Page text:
Is there a “Moral Code” of Technology? Is it imbedded within the bit-code of computers? Or, is it an extrinsic code applied by users of technology?
In schools throughout the country a push is being put forth to teach computer Code to students to inspire their interest in computer technology and encourage future careers. Code is the brain of computers and the light-speed processing enabling users to advance their business, their personal professional growth, and their communication with others around the world.
The impact of social media on our lives has enabled severe immoral behaviors among younger people that, I believe, dictates a moral code of technology, which will improve civility at all levels of society.
Dr. Kent M. Keith’s Universal Moral Code* applies to the use of technology as well as to behaviors in our everyday lives. My good friend and Freemason Bill R. Wood’s personal theme was “Do Good Unto All.” Civility Projects all across the nation are encouraging the return of civility into our daily dialogues. Additionally, there is a movement among colleges, such as The Relay Graduate School of Education (Relay/GSE), to re-introduce character education in schools.
Moreover, in his book Moral Leadership: Getting To The Heart of School Improvement, Thomas J. Sergiovanni speaks about how doing good in schools makes one feel good about their accomplishments. Lastly, writing on Ethics Away From Home in the Harvard Business Review on Corporate Ethics, Thomas Donaldson says companies must be guided by an “……absolute moral threshold for all business activities.”
Most certainly, a moral code for technology use is applicable to the daily use of technology in all aspects of society.
Such a Moral Code would include some of the following behavioral areas of conduct:
- Training on proper and positive Social and Emotional Intelligences that promote relationship building and teambuilding practices;
- Character skills to improve educational endurance – Grit, Optimism, Self-Control, Resilience, etc. – to improve educational and business success;
- Morality that removes cyberbullying, gossip, lying and disrespect of others and promotes inclusion of all groups for the greater good of everyone.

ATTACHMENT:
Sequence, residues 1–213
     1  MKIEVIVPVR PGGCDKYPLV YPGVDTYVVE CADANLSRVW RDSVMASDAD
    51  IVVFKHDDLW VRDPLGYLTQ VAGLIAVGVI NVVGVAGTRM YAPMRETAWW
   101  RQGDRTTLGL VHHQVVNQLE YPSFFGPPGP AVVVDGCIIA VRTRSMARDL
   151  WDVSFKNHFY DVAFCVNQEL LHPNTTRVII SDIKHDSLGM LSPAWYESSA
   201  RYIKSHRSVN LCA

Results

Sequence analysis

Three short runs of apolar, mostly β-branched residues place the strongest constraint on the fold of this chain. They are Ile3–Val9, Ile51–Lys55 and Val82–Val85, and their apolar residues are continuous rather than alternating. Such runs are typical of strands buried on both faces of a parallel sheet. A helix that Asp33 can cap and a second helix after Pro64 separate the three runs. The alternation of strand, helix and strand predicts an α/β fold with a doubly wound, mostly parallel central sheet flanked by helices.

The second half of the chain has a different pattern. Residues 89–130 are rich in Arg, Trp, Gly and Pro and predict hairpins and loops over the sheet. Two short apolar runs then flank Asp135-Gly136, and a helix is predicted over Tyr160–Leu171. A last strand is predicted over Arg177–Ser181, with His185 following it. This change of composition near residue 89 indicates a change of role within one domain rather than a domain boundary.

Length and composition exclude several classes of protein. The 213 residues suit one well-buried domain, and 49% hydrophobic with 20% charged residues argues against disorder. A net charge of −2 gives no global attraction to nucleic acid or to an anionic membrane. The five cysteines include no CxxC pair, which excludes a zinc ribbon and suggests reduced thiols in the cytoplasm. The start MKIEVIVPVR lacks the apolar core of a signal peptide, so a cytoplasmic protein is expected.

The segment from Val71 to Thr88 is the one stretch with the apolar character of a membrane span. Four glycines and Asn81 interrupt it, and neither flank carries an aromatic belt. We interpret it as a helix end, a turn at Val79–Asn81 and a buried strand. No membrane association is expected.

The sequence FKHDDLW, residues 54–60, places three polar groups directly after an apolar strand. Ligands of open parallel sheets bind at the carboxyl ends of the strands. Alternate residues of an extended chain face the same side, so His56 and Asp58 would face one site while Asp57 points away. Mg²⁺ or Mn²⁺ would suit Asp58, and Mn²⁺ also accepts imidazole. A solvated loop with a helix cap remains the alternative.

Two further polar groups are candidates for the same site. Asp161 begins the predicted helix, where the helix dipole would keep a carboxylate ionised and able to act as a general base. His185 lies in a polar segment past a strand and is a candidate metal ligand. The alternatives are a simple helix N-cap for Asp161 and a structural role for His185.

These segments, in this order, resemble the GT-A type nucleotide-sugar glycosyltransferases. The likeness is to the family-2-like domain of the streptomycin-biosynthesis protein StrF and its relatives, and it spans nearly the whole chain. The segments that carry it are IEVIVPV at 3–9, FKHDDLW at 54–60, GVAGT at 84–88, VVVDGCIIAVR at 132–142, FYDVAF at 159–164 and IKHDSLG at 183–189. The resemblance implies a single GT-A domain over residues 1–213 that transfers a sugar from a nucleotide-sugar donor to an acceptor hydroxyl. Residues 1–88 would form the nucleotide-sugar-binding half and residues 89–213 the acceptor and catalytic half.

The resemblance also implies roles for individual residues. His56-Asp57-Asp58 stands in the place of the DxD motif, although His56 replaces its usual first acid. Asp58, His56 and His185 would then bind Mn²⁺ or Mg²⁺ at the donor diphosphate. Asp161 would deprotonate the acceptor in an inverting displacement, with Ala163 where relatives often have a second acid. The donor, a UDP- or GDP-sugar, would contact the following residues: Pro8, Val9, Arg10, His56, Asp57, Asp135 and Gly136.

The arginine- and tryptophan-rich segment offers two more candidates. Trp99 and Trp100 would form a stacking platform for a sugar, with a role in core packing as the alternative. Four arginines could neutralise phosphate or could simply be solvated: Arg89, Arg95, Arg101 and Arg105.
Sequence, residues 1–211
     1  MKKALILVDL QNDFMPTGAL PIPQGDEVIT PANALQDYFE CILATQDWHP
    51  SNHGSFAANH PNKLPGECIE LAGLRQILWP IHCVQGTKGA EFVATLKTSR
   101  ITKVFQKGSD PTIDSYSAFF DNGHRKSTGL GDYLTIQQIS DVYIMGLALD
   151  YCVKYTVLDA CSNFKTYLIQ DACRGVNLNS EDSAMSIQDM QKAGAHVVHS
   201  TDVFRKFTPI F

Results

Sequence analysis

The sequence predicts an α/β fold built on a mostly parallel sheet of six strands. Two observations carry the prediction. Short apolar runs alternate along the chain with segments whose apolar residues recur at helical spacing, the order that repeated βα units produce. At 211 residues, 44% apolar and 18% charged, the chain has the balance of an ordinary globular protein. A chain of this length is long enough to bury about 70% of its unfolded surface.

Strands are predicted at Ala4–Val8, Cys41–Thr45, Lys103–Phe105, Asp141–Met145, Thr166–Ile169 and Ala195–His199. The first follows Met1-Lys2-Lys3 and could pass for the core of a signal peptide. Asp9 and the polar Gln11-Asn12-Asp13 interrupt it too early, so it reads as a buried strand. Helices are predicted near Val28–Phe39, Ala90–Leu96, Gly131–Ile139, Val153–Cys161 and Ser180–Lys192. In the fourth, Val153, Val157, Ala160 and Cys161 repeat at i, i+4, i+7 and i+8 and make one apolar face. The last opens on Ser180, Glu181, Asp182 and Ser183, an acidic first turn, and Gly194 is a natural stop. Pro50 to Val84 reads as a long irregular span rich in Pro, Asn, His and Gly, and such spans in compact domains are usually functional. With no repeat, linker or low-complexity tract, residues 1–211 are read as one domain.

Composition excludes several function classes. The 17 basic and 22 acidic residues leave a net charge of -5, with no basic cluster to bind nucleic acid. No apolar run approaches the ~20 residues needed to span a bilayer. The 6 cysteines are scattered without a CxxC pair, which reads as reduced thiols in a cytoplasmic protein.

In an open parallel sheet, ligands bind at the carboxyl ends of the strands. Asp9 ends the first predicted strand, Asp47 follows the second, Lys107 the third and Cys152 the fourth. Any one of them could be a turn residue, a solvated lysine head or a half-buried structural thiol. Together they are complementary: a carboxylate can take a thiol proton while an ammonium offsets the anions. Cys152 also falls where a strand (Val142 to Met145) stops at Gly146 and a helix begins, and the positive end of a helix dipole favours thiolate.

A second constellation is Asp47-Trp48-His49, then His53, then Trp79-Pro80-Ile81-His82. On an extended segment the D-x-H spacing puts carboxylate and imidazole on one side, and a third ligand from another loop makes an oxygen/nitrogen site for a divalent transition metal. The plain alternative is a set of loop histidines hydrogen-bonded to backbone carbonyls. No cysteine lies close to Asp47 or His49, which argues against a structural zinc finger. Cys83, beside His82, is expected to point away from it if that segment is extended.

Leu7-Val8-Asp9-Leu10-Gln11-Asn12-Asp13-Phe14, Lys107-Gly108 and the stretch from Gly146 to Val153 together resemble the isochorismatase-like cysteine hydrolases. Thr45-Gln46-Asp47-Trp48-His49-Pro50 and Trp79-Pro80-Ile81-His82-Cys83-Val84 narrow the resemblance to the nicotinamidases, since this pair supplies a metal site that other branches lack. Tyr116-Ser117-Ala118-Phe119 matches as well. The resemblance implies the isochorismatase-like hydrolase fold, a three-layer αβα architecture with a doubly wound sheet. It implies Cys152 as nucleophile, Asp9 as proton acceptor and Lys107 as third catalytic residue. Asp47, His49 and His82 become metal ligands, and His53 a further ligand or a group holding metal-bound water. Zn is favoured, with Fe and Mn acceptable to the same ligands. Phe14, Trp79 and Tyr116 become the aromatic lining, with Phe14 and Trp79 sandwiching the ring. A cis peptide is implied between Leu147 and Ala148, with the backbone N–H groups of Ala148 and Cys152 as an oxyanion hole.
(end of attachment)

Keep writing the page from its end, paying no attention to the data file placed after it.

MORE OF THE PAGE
- Skills that include proper and effective listening and attentiveness in group communications, classrooms, meetings, and business activities;
- Moral aspects of taking personal responsibility for own success while exhibiting proper respect that honors all peoples, regardless of ethnicity;
- Morality of proper language in a public forum that respects the right of others; and
- Immoral and amoral killing of others for entertainment, such as depicted in computer games, big-screen movies and television shows.
Teaching the “Do Good Unto All” philosophy would greatly improve doing good at all times. Dr. Keith puts it this way:
Do to others what you would like them to do to you.
Be honest and fair.
Be faithful to your family and friends.
Take care of your children when they are young.
Take care of your parents when they are old.
Take care of those who cannot take care of themselves.
Be kind to strangers.
Respect all life.
Protect the natural environment upon which all life depends.
In The Daily Drucker, Peter Drucker points out there is only one code of ethics, one set of rules of morality, one code, that of individual behaviors in which the same rule applies to everyone alike. He further points out that the first responsibility of a professional was dictated over 2500 years ago in the Hippocratic oath of Greek physicians: Primum non nocere, “above all, not knowingly to do harm.” This same concept is stipulated by Dr. Keith in his Universal Moral Code.
Living and behaving as per the “Golden Rule” – first above – would engrain this age-old standard of conduct – people would exhibit the above behaviors simply because that is the way they would want to be treated also. I believe it would totally remove the “I” mentality because actions would be about others, which would, in turn, greatly benefit “Self.”
Likewise, Self would feel good about their accomplishments, thereby continuing the behaviors.
Bill R. Wood lived his theme and was one of the happiest men I ever met.
How happy are you? Do you do good unto all? Is it part of your leadership and behavior that makes a difference in society?
* © Copyright Kent M. Keith 2003